More from the archives.  Here's James Ridgeway, at the time a "Washington correspondent" for Mother Jones.  (Perhaps some magazines are more up-front about correspondents serving as editorialists than others.)  He's praising then-presidential aspirant Barack Obama for advocating more federal regulation.  (That was in a Cooper Union speech.  Preaching to the converted, anyone?)
Deregulation has been the mantra on both sides of the aisle since the late 1960s. Long gone are Democrats like Michigan’s Phil Hart who, as chair of the Senate Antitrust Subcommittee, held hearings on the concentration of economic power in the United States, and proposed expanded government regulation of everything from the oil and auto industries to pharmaceuticals to professional sports. Hart believed that because wealth and power were concentrated in the hands of such a small number of corporations, the market economy had become no more than a facade. In this context, what would bring about lower prices and greater productivity and innovation was more government intervention and regulation, not less.
Aggregate concentration comes and goes as a policy issue, but perhaps globalization and increased competition, market-by-market, also matters.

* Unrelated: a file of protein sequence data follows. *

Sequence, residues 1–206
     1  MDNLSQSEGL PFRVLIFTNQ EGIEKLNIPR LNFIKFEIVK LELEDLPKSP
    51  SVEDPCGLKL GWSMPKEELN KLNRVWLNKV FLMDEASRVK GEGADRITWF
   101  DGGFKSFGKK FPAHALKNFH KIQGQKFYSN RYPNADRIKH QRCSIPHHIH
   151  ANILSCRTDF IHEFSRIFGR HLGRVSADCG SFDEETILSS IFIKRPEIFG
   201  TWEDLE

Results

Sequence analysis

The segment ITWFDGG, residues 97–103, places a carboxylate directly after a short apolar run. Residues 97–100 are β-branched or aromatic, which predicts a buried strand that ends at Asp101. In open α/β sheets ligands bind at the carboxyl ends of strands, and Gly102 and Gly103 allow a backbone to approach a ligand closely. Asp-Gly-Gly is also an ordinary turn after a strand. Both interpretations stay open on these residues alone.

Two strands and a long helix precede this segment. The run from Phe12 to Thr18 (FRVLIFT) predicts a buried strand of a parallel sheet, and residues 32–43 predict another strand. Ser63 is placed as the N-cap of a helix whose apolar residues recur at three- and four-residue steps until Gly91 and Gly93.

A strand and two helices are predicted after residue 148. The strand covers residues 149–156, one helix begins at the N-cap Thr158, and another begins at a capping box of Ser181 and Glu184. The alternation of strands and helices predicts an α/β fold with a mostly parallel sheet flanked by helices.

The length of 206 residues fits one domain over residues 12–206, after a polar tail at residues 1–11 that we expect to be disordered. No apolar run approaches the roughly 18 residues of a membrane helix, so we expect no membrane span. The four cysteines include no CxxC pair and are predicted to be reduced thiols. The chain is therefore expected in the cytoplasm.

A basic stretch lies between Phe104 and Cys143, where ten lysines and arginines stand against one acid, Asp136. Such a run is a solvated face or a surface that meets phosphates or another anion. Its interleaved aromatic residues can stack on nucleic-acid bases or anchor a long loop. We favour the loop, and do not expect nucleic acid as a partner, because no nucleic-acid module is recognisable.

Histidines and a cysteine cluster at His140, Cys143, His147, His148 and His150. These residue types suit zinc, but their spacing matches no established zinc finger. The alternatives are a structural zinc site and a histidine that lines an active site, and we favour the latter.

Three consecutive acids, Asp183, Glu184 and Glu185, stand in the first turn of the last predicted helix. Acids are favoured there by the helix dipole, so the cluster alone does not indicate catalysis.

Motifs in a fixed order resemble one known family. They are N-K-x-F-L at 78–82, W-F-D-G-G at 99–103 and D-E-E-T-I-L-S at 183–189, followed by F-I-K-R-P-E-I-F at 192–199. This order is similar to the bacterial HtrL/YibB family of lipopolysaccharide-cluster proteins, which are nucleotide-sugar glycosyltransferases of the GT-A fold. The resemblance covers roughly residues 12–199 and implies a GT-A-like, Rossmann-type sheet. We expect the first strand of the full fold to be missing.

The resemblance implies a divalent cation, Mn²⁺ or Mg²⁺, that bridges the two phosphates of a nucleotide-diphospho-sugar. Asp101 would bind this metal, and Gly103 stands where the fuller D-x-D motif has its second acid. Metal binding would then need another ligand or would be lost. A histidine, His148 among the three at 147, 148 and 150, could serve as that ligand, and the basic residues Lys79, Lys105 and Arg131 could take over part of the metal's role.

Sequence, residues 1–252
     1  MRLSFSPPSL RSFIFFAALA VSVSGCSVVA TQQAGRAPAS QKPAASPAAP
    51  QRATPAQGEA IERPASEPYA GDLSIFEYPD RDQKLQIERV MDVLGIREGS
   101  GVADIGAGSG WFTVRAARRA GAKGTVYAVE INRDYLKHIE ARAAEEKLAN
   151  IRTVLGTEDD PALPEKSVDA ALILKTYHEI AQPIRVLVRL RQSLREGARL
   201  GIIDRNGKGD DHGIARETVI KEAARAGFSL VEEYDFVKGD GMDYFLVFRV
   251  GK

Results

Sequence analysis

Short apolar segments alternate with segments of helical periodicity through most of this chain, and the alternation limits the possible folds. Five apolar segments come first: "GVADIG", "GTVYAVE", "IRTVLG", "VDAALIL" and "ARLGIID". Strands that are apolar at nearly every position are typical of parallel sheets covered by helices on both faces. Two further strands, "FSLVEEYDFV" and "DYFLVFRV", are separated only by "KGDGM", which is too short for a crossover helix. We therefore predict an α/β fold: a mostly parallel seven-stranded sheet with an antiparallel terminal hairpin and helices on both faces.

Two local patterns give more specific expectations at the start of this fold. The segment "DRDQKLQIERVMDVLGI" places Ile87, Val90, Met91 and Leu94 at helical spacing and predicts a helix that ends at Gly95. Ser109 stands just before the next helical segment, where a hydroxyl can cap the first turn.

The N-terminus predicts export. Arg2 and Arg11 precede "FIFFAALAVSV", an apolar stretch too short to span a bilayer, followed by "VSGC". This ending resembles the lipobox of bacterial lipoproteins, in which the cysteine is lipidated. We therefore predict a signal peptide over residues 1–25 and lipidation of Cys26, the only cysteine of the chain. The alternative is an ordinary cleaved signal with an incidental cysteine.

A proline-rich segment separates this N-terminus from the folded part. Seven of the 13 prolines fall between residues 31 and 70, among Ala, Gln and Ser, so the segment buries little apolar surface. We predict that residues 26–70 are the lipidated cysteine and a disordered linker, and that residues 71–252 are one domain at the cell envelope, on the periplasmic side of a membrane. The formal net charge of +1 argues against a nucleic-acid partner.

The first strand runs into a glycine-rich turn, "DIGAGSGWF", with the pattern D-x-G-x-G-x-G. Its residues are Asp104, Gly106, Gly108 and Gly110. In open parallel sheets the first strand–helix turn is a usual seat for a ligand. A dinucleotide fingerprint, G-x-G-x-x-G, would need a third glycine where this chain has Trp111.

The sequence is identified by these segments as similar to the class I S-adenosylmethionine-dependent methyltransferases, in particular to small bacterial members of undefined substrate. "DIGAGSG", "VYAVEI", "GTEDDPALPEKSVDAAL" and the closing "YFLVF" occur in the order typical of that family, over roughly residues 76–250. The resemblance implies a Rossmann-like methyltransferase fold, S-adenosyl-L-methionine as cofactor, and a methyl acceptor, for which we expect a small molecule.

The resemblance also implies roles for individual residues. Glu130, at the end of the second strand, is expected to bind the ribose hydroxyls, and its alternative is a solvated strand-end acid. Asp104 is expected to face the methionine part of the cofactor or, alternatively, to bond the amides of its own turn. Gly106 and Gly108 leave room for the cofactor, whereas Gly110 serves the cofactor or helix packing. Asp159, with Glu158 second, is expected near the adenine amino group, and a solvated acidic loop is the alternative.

Hart got a Senate building named after him, but his warnings about the threat of unbridled corporate power and consolidation went unheeded. Instead, the rush to deregulation began, first in the transportation sector. Efforts begun under Richard Nixon and Gerald Ford came to fruition under Jimmy Carter, who hired deregulation guru Alfred E. Kahn to head the Civil Aeronautics Board, the widely loathed agency responsible for regulating the airline industry. Senator Ted Kennedy and his then aide, future Supreme Court Justice Stephen Breyer, embraced deregulation as a consumer issue, and with their support, Kahn quickly worked his way out of a job: The 1978 Airline Deregulation Act dissolved the CAB and removed most regulation of commercial airlines. Carter also signed into law bills deregulating the railroads and the trucking industry.
Gosh, why might an agency notorious for managing the cartel, going so far as to hold hearings to define how crappy a sandwich had to be for coach passengers, be a "widely loathed agency?"  And the Interstate Commerce Commission had become a thinly-disguised means of generating rents for truckers to dissipate, and thus it had to go.
You could argue that transportation deregulation has been a wash-replacing a system of bureaucratic incompetence with one of profit-seeking negligence, and exchanging safety for lower prices. The same cannot be said for the deregulation of the energy sector, notably the natural gas and oil industries under Ronald Reagan, and the electric utilities under George H.W. Bush and Bill Clinton. Left to its own devices, a deregulated energy industry has given us Enron and Exxon-California brownouts and $100 barrels of oil. Deregulation of the telecommunications industry, also under Clinton, reduced the number of major phone service providers to just a handful of multimerged giants.